Tuesday, 16 September 2014

Let's Play: Final Fantasy VIII - Part Fifty Seven

 Part Fifty Six


 Day Twenty Three: The Esthar Gun Club

 When I loaded up my save file and had a look at my team, I burst out laughing.

 Look how ridiculously over levelled Zog is.

 This is the exact reason I take exception to mandatory characters in RPGs, because this always happens. This always happens.

 There isn't a way to keep levels consistent across the entire party when you always have one character in the party, they will always gain Exp. and the only way to stop them involves crippling yourself. Why would anyone want to go through large portions of a game with one of their party perpetually knocked out?

 Well, whoever came up with the achievements for this game, apparently.

 It's like they're mocking us at this point.

 You can also see how ridiculously underleveled Nina is.

 Here's a quick peek from later to highlight how big of a difference there is.

 For the sake of preventing you from having to do maths if you don't want to, that's a difference of sixty nine levels. If you did feel like doing maths, er... use that to check your working.

 Now, to be fair, I have done a lot of faffing about doing optional things, or attempting to do optional things. But on the otherhand, also in the interest of fairness, Nina has been out of this game for a startlingly long amount of time.

 She was hanging off a cliff for half an hour during the Garden battle and she's been in a coma since the fight with Edea.

 Even taking the faffing about into consideration, the next highest level character (Zell) is still forty one levels behind Zog.

 I feel like I'm being strong armed into being the kind of pokemon player that has a level fifty Charizard while the rest of their pokemon are level twenty five.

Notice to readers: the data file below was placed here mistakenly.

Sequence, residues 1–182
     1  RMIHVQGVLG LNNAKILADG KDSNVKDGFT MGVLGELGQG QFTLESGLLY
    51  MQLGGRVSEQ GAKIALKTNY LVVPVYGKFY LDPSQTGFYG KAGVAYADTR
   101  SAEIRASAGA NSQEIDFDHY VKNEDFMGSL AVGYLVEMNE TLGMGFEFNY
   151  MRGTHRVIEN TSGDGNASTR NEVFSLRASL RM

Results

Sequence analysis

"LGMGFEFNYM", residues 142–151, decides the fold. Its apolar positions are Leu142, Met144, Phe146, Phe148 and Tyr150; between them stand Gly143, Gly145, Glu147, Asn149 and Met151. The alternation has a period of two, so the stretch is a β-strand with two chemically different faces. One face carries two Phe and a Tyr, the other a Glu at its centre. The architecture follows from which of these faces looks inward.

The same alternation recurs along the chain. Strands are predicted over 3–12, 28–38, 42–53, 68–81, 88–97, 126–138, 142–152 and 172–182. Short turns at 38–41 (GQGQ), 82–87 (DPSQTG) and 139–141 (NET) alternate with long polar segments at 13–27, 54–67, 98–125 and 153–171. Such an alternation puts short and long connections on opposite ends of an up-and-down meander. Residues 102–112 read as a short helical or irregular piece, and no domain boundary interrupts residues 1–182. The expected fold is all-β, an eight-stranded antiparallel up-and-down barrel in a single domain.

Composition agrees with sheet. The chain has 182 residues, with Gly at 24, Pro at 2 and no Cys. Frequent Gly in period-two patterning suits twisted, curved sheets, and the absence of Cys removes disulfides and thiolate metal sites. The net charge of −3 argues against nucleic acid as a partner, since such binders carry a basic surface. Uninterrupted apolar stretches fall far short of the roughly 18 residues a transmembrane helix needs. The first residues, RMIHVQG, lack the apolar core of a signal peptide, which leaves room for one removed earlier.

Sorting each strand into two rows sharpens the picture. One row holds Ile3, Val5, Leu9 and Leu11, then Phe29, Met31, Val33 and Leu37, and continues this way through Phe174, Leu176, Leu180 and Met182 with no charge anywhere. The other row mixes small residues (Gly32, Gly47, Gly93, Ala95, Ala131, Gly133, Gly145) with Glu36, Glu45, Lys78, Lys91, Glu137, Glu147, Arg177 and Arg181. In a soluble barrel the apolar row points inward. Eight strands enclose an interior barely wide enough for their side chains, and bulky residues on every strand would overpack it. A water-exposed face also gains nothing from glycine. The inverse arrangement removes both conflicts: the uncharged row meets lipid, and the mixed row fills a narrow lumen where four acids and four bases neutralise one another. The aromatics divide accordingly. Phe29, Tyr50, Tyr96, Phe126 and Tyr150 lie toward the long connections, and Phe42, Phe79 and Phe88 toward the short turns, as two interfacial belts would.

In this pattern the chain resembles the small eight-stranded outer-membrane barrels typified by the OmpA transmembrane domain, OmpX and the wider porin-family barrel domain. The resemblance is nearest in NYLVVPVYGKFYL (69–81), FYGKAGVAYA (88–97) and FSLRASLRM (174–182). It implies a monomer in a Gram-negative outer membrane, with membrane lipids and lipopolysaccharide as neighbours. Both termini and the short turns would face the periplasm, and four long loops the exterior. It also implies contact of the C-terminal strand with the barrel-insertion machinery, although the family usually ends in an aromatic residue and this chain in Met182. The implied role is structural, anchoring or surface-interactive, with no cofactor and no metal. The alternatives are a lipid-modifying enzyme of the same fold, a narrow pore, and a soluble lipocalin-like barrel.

Developers need to never do this again, it is not a good idea and never was.

 Speaking of things that aren't great ideas, this is the Lunar Gate:

Zog doesn't seem impressed.
 Once inside the Lunar Gate, the party is greeted by a woman called Lunar Gate. Which is a fantastic piece of nominative determinism, if I ever saw one.

 Which I haven't here, they clearly just didn't put 'Staff' at the end for whatever reason.

 At this point, Faiz shows up to show her concern for Nina.

 Faiz being Nina's dog, for those who don't remember.

  If memory serves this dog was left on the train in Timber that Watts and Zone left in, but the presumably abandoned when they were driven into the sea.

 I know I haven't really brought up Faiz's ablity to show up anywhere Nina is when she uses her limit break, but it is a bit daft. The reason I don't go on about it is one, Nina's been out of the game for a long time, and two, it's silly enough to suspend my disbelief for.

 Something has got to be in it for the consumer when you ask them to suspend their disbelief, and humour is one of those things that is worth it.

 However, in this case, this isn't funny. If this dog can sense Nina is in danger, why didn't it notice prior?

 Well, with that question I'm not being particularly fair.

 Nina was knocked out in a flying Garden, and was only recently on land for Faiz to get to her.

 But on the other hand, Faiz has appeared in ridiculous places that a dog couldn't reasonably show up in. If I'd used Nina in the fight with Edea, it's entirely plausible that Faiz could have shown up there. Why was Nina being put into a coma not capable of gaining that reaction, when being smacked by a low level Flan can?

 Come on, Faiz, get it together girl!

Here she is, suitably chastened.
  So, twee moment aside, it's time to get into the business of space travel. They've already set it up so that Nina is in the pod.